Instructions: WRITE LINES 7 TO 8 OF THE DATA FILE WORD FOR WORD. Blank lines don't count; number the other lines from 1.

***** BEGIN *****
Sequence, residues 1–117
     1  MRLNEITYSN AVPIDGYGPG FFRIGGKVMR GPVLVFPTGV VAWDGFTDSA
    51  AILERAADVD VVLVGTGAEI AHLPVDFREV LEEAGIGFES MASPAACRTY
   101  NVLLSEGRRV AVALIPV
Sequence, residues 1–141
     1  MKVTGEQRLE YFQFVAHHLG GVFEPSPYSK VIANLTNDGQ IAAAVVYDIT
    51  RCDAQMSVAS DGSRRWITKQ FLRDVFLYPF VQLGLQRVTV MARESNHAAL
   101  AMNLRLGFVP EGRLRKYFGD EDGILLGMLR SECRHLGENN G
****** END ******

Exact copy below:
    51  RCDAQMSVAS DGSRRWITKQ FLRDVFLYPF VQLGLQRVTV MARESNHAAL
   101  AMNLRLGFVP EGRLRKYFGD EDGILLGMLR SECRHLGENN G